Development Authority bill tilts table on taxpayers
March 12, 2014 04:00 AM | 2200 views | 1 1 comments | 40 40 recommendations | email to a friend | print
In the wake of this winter’s battle over whether the unelected and unaccountable Cobb Development Authority and its counterparts around the state should have the ability to have the final say on granting tax abatements and incentives, many critics said the law in question needed to be strengthened to enhance public accountability and to prohibit such authorities from quietly giving away tax dollars from local school board budgets without those boards’ knowledge or consent.

So what almost happened during the current session of the state Legislature? The exact opposite, that’s what.

A bill passed the Senate and is in the House that would sharply limit the ability of school boards to contest such money-grabs by development authorities and also give those authorities the power to grant tax abatements for a broader array of items in the name of “economic development,” while simultaneously making it much harder for the public to contest them, according to critics.

The bill was sponsored by Sen. Brandon Beach (R-Alpharetta), the CEO of the Greater North Fulton Chamber of Commerce and executive director of the North Fulton Community Improvement District, one of whose members is Tad Leithead, who also served as the consultant to developer John Williams on his controversial $103 million “Riverwalk” project in the Galleria area. Williams was handed a 10-year-tax abatement by the Development Authority of Cobb County, with the bulk of those funds (about $4.3 million) to have come out of the Cobb School Board’s budget, because the bulk of local property tax revenue goes to education. Yes, the school district — which was blindsided by the Authority’s abatement decision — would have benefited in the long run once Riverwalk was built out and taxes were finally being levied at the “full freight” weight, but by that time, almost all of today’s K-12 students would have graduated. And the controversy played out against the background of the Cobb School District facing a projected $79 million budget shortfall for next year. Williams eventually pulled his application for the tax abatement, and there the matter rested — or so it seemed until this week.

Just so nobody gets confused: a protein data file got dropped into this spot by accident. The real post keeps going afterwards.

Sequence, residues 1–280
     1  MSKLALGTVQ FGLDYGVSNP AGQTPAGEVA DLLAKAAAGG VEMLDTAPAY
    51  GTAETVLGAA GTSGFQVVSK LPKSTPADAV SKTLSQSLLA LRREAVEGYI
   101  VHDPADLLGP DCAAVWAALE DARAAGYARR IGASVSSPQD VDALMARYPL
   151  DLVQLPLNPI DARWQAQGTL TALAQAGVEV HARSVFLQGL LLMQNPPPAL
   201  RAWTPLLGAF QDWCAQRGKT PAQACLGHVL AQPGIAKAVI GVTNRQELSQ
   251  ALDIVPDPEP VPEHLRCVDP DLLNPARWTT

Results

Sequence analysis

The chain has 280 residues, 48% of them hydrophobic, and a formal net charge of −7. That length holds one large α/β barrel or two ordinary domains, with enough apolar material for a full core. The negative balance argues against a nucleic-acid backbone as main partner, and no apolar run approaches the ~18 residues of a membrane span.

That’s when it was learned that the pro-development authority forces (there are 150 such authorities in Georgia including eight in Cobb) had gotten behind Beach’s bill and lined up sufficient votes to see it pass the Senate.

For starters, critics contend Beach’s bill would allow abatements for the construction of hotels, motels, nursing homes and office buildings, rather than restricting them to big-scale projects that would have a clear economic impact. Moreover, while the public conceivably might think such abatements are worthwhile for big projects, it’s doubtful they want their school-tax dollars being frittered away to build more motels and hotels, etc.

“My greatest objection is that this bill has the potential to further defund education in Georgia by extending the exemptions from paying school taxes to selected parties,” explained state Sen. Lindsey Tippins, (R-west Cobb), chairman of the Senate Education Committee. “We’re already in a funding crisis in education and this further exacerbates the funding crisis that we have by exempting additional properties by statute.”

Very significantly, it also would let unaccountable, unelected authorities use tax dollars to play winners and losers, reward favored developers and thereby give those developers a substantial and unfair financial advantage over their competitors.

Beach’s bill also would remove the current responsibility of the district attorney to attend bond validation hearings in Superior Court in connection with the abatements to attest that certain guidelines have been met. In place of the D.A., the authority would be the one assuring the court the guidelines had been met. One more layer of protection for the taxpayer would be removed, in other words.

And while at present the ruling by the Superior Court judge in such cases can be appealed, under Beach’s law, it cannot be. Another layer of protection for taxpayers gone.

All in all, Beach’s bill as written tilts the table steeply in favor of developers and against taxpayers and public schools. And it’s proved controversial enough in the House that the powerful House Rules Committee sent it back to the House Economic Development and Tourism Committee on Monday for further study. And that’s where it belongs.

“Sometimes the most important thing we can do in the final days of the General Assembly is not pass a law rather than allow a bill to slip through that has unintended consequences or raises concerns in a local community and certainly there have been a lot of concerns that have been raised,” Rep. Ed Lindsey (R-Buckhead) told the Marietta Daily Journal on Tuesday. “It sort of begs the question of ‘Why push this bill through?’ Why don’t we simply let this debate work its way out another year?”

Why not, indeed?

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All the Rotteness
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March 12, 2014
Forget Denmark! The rot exists right here in the USA as we dismantle our public school systems through legislation and underfunding. Unless the

trend is reversed they'll be gone by 2030, and we'll only have incarceration and rehabilitation centers for 80% of our youth. We are rapidly and short sidedly moving toward that scenario.
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